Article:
With the default values, notice that the agent learns to use "touch interactions" as active perception to ensure more move forward, less bumping, and less turns towards walls.

Notice that, when the touching bahavior has been learned, the agent always uses it. A smarter agent should learn to renounce touching when it is on the long edge of the loop because the agent should reckon that moving forward is safe in this situation.

Notice that this agent is deterministic. It will always behave the same when starting from the same initial conditions.

Start the experiment from position [1 1], orientation upwards. Notice that the agent reaches a stable behaviour aproximatly from tick 300.

Start the experiment from orientation [1 3], orientation upwards. Notice that the behavior gets organized approximatly from tick 600. Before that, the agent has troubles dealing with the upper-right corner of the loop.

An agent that fully answers the Small Loop Challenge should reliably demonstrate smarter behavior in the upper-right corner by reckonning the two-dimensional structure of the environment.


Try different values of interactions and observe that the agent organizes its behavior to obtain interactions with positive values. Note that the agent does not always find the sequence that lead to the highest positive values.

Try to click on the grid to add or remove walls while the agent is running and see how the agent deals with unexpected conditions.


This model can be extended either by completing the NetLogo code or by replacing the IMOS extension by your own extension.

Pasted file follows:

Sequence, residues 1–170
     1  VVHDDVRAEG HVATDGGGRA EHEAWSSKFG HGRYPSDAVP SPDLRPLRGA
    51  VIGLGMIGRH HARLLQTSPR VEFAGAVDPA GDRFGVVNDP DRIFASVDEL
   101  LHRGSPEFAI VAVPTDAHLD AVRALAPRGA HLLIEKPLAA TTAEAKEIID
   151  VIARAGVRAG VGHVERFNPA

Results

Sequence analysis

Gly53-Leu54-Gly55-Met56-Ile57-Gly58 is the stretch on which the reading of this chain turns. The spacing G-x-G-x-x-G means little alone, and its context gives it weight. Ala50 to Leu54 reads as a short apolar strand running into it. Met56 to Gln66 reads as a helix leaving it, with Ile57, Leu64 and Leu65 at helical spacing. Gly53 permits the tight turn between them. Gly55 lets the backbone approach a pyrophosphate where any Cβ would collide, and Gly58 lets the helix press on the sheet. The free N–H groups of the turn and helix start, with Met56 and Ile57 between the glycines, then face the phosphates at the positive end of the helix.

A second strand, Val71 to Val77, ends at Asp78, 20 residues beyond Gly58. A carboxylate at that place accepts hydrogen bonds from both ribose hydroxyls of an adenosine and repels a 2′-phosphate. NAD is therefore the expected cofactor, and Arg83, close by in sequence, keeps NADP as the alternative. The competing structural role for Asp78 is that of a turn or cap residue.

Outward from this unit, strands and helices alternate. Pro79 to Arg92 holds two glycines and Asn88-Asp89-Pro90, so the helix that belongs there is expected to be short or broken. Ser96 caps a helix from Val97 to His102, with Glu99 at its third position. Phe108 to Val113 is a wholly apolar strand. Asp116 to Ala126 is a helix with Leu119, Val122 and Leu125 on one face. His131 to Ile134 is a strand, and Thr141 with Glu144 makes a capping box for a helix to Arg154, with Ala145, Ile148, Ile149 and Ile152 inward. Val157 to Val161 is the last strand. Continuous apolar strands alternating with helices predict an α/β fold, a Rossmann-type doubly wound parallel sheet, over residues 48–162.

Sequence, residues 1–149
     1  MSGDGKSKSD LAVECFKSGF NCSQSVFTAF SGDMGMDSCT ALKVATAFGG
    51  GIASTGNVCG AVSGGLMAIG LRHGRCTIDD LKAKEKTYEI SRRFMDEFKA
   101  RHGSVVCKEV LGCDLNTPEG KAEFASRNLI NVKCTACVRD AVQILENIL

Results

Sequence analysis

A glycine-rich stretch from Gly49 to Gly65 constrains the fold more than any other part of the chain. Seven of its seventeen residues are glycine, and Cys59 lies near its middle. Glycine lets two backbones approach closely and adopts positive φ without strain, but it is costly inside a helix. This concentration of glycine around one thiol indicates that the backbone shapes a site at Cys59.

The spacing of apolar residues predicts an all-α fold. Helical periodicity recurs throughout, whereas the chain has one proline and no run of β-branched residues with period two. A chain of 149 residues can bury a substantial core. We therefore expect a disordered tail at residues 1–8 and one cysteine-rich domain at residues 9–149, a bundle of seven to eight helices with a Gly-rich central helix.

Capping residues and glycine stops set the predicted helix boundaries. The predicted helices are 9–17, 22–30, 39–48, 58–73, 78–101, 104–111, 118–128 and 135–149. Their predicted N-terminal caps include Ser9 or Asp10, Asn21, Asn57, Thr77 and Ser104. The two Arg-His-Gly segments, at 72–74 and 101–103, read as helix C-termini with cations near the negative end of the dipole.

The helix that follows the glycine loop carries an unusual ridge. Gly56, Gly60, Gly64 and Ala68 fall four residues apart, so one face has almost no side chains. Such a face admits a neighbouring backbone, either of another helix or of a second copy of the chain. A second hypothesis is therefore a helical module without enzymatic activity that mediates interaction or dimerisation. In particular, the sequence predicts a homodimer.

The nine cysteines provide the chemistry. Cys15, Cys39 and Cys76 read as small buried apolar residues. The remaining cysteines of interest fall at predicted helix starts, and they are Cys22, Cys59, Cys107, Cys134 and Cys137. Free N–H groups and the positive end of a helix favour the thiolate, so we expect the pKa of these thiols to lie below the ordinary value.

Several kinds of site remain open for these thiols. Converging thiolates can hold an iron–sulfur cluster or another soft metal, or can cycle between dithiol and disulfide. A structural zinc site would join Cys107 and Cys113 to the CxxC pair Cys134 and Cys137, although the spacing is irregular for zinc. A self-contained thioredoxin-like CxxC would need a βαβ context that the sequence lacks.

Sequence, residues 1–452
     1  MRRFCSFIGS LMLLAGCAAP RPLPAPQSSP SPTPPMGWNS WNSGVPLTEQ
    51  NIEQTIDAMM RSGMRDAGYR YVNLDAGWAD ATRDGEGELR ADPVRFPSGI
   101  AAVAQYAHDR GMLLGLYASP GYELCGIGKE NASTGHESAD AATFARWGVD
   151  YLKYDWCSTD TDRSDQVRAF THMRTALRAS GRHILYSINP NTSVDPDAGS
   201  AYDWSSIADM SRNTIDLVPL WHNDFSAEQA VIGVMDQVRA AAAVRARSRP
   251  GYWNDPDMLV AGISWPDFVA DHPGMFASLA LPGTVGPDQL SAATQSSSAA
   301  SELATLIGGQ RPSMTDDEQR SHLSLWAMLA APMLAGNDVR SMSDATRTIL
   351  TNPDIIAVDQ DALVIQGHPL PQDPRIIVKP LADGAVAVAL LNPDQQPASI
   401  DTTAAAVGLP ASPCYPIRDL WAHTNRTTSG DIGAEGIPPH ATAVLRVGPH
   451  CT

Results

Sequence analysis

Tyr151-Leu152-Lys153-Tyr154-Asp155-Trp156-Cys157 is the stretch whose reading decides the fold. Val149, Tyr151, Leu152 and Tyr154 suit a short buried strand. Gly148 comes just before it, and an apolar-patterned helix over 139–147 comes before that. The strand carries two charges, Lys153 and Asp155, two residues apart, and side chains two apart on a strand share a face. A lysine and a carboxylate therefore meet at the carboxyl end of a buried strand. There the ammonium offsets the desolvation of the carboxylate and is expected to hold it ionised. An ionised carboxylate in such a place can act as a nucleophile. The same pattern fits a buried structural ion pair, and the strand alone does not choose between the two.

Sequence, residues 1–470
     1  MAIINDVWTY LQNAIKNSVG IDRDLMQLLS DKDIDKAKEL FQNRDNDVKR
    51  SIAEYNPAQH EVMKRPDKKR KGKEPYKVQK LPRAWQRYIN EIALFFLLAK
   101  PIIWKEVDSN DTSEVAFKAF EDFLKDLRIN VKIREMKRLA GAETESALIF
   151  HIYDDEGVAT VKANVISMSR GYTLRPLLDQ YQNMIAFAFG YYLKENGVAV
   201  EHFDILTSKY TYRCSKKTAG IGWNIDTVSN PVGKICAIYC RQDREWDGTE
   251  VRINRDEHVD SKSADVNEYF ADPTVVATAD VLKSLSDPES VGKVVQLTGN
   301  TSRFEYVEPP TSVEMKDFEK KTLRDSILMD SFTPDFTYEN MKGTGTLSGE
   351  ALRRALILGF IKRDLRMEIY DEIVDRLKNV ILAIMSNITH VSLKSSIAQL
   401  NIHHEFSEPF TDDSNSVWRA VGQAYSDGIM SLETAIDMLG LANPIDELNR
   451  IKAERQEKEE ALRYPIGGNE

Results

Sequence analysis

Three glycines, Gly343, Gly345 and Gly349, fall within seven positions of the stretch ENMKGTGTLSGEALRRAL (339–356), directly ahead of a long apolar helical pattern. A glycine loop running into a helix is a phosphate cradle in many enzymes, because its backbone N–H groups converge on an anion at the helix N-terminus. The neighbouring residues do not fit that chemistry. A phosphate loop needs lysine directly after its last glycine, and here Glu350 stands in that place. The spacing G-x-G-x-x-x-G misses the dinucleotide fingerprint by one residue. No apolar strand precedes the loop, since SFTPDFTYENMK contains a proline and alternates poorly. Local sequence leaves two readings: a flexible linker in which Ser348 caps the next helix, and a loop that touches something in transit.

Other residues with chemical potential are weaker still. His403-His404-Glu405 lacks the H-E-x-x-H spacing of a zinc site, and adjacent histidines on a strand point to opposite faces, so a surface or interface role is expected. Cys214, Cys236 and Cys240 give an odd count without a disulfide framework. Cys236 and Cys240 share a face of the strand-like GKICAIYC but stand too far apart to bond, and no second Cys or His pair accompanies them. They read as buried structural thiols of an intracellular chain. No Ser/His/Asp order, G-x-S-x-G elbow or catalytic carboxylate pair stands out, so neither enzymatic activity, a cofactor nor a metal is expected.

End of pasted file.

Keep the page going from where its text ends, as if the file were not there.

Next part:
We suspect that fully solving the Small Loop Problem would require making the agent capable of some form of rudimentary reflexivity. This is why we find this challenge interesting!


This model implements the IMOS extension (Intrinsic Motivation System,


This model was implemented by Olivier Georgeon (Université de Lyon / CNRS) and Ilias Sakellariou (University of Macedonia), using the IMOS NetLogo extension based on Georgeon and Ritter's paper "An Intrinsically Motivated Schema Mechanism to Model and Simulate Emergent Cognition" Cognitive Systems Research 15-16, pp. 73-92 (2012).


extensions [imos]

;;; Lets keep things organised

breed [ernests ernest]
breed [targets target]
breed [markers marker]
breed [trailmarks trailmark]

directed-link-breed [left-eyes left-eye]
directed-link-breed [right-eyes right-eye]

ernests-own [action status stimuli satisfaction]
patches-own [last-interaction old-color]
trailmarks-own [when-created]

globals [rcount ##int_targ_status ##target-color bumps diffbumps]

;;; called when the model is first initialised.
to startup

to setup
  set rcount 0
  create-markers 1 [set shape "grid" set color black set heading 0 set hidden? true]
  set ##target-color sky